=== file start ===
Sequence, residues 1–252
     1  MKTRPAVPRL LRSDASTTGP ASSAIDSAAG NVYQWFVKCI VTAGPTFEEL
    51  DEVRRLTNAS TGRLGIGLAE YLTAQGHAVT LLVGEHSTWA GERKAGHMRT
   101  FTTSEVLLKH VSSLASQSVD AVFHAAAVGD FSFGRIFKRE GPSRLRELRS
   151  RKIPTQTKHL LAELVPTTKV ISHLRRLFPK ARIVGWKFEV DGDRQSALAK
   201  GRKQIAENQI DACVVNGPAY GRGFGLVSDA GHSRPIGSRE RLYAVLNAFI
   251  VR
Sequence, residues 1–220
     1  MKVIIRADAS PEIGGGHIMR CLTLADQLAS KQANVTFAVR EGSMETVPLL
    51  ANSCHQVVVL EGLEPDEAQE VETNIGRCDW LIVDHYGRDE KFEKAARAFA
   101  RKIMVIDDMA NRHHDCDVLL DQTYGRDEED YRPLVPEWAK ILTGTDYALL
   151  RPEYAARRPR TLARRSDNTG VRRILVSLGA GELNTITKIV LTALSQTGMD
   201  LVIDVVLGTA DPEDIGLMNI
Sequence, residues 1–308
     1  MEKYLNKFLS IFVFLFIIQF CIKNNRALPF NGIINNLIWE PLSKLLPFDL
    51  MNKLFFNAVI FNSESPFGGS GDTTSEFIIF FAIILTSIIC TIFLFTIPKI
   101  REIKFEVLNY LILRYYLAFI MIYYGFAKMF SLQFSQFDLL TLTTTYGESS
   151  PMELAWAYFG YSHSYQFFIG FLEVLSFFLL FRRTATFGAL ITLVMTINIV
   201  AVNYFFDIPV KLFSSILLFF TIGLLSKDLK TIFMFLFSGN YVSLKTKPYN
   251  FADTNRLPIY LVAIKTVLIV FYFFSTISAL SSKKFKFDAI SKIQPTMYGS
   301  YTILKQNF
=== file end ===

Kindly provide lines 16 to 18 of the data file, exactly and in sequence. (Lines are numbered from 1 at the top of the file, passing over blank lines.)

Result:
    51  MNKLFFNAVI FNSESPFGGS GDTTSEFIIF FAIILTSIIC TIFLFTIPKI
   101  REIKFEVLNY LILRYYLAFI MIYYGFAKMF SLQFSQFDLL TLTTTYGESS
   151  PMELAWAYFG YSHSYQFFIG FLEVLSFFLL FRRTATFGAL ITLVMTINIV